Today’s post is a little different, and not something I originally intended to publish, but as BritVoyage is a travel and lifestyle blog, there’s nothing wrong with sharing some home updates. Last year we were settling into our house, spending most of our time and money on painting walls, buying furniture, and replacing dodgy wiring; this year we decided to fix our dodgy garden with a little lawn transformation.
When we first bought the house, we thought the garden was lovely: a previous owner had laid decking and a pergola, which attracted an array of birds, and they had planted a few climbers and other bits to add a splash of colour. However, as winter passed and spring arrived, we realised the impracticality of it. Within a couple of months, a vixen had moved into the area underneath our decking and had a kit, the plants in the flowerbeds had overgrown, and weeds had abducted our lawn.
We didn’t quite have the funds to call in a landscaper, but we had had enough of the mess (and bird poop from the pergola) so Dan decided to rip up the decking and lay some turf.
Just like anything, when you’re doing a larger project, the area will look a mess before it looks any good. Dan pulled up the railway sleepers forming that horrible border in the centre of our garden, and we discovered a pipe that ran directly into the middle of it. Frustrating! So he took a risk and just cut it off.
Then he and his friend ripped up the decking and I was desperate to find out what was under there.
I won’t lie – it was hard work. They were sweating through a hot May Saturday, and I’m pretty sure a few chunks of wood flew up and hit them square in the face. All that work to find out that all that was underneath the decking was the old garage.
Couldn’t have been less exciting. Turns out… rubble.
Day one ended with the two boys filling in the hole with rubble, rocks and dirt
Day two of our lawn transformation started as a huge mud patch.
In an attempt to get rid of the icky grass, the boys had to dig a couple of inches out of the ground, where they discovered that our ground was basically just clay, so their forks and shovels were essentially bouncing back. Once they did manage to dislodge the concrete, they used it to fill the rest of the hole at the back of the garden. The aim was to get it as flat as possible, because what’s worse than having an awful slope in the back?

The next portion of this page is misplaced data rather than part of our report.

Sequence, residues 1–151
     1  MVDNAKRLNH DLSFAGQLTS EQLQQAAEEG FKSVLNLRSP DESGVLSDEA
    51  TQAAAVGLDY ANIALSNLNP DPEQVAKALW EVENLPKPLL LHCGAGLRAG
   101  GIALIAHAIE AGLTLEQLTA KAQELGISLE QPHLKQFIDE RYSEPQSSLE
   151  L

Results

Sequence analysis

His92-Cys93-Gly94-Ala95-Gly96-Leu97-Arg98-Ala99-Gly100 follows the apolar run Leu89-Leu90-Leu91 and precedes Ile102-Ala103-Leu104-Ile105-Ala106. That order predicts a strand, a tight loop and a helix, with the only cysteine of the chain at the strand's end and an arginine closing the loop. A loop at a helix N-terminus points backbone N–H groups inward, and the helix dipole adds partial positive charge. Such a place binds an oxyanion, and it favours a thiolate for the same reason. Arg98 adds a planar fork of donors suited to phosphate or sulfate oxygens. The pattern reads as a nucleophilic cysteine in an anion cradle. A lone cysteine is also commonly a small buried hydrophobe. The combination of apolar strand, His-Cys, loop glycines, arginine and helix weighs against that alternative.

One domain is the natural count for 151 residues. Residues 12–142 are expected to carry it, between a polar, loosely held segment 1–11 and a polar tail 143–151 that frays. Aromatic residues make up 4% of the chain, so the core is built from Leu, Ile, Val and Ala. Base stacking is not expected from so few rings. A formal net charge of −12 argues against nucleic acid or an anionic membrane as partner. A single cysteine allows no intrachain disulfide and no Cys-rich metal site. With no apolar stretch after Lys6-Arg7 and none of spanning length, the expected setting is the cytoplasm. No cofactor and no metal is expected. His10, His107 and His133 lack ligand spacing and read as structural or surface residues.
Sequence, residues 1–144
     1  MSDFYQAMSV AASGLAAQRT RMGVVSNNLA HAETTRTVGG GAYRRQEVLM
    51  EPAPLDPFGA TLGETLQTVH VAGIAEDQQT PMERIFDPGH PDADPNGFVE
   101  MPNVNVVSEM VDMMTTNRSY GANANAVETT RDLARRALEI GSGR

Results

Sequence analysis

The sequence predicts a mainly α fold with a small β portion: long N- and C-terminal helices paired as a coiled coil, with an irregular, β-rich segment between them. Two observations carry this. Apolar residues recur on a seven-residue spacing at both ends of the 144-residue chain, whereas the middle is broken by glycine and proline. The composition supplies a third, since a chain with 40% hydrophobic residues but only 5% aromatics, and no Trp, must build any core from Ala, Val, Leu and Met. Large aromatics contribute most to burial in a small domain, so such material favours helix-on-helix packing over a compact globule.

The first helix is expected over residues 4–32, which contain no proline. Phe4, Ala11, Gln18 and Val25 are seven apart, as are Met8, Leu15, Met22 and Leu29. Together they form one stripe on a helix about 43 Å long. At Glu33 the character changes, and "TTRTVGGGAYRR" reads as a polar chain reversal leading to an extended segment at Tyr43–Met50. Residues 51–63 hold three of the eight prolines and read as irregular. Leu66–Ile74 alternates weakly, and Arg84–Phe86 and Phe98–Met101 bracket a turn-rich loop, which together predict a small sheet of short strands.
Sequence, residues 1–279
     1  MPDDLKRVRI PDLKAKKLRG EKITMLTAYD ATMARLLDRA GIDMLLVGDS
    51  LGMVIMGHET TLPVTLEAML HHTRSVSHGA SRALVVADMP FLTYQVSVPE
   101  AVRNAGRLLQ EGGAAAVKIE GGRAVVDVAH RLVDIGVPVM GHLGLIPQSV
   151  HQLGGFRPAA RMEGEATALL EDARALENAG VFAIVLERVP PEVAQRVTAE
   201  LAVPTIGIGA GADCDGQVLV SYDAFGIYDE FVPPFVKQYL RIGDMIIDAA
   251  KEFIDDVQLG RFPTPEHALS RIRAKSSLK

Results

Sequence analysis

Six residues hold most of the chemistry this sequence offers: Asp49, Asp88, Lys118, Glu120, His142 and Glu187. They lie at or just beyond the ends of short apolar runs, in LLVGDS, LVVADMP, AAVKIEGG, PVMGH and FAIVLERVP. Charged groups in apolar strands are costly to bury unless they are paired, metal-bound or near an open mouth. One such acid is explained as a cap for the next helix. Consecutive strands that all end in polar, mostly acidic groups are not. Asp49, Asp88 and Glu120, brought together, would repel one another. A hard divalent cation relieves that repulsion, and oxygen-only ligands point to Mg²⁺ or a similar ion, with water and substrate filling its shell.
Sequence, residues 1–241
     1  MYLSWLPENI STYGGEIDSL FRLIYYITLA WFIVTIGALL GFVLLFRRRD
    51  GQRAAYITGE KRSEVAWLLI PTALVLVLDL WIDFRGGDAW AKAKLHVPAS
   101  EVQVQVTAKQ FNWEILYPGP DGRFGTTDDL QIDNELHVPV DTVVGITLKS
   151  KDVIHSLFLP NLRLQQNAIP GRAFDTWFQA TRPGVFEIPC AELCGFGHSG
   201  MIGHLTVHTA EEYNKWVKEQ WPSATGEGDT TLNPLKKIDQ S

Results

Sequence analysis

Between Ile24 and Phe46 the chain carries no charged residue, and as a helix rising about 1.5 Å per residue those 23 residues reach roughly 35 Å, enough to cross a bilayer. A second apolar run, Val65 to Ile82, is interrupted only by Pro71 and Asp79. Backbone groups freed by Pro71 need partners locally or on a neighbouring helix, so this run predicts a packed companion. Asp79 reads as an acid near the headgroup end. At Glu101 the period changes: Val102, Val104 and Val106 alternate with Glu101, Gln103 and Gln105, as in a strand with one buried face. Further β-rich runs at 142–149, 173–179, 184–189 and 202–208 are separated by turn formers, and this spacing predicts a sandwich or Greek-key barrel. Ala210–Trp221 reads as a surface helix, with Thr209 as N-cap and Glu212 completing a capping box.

Then, they used compost to create a softer, more fertile base for the turf to lay on. The downside to that though was that the area suddenly erupted with midges and flies, and there was a very faint smell of poop.
Dan and I spent our evening laying more and more compost, and stamping it down to make it more compact. We did our best to flatten all the lumps and bumps, but I don’t think we did as well as we could have done.
On day three, we laid the turf – and by we, I mean Dan and his friend.
Dan ordered the turf online, and I must admit that it was really good quality. People I know have bought it from DIY stores and had to lay browning grass, but ours looked fab.
I must be honest, it looked a lot better than I thought it would, even with the awkward lines.
Afterwards, we turned our attention to the flowerbeds. In an aim to limit weed breakthrough, we laid bin liners on top of the old, icky dirt, then layered compost to level it, and finished with top soil. It took us quite a few bags of each, but it was worth it for the final piece.
Despite doing such a good job of landscaping so far, Dan and I are not particularly green fingered. We have no idea what plants are the best for certain areas, when to plant them, or even how; plus, we don’t have a lot of time to dedicate to gardening, so Dan had the idea of putting slate into the flowerbeds. Initially, I was a bit sceptical, but thankfully, I relented and allowed Dan to buy a few bags of blue slate – It completely changed the feel of the garden.
While he was out buying slate, Dan picked up a tub of white masonry paint and we set to work on the old garage wall. It’s incredible the difference a lick of paint can do.
By the end of the third day, instead of an overgrown mess, which was frankly quite dangerous, we had a tidy, minimalist garden. Just look at what a little lawn transformation can do! We’re really happy with how it’s looking so far, although we do have a long way to go yet.
- Paint the sleepers a neutral colour
- Purchase and lay composite decking
- Plant flowers to brighten up the side along the wall
- Place a bird house at the end of the garden
- Grab some garden furniture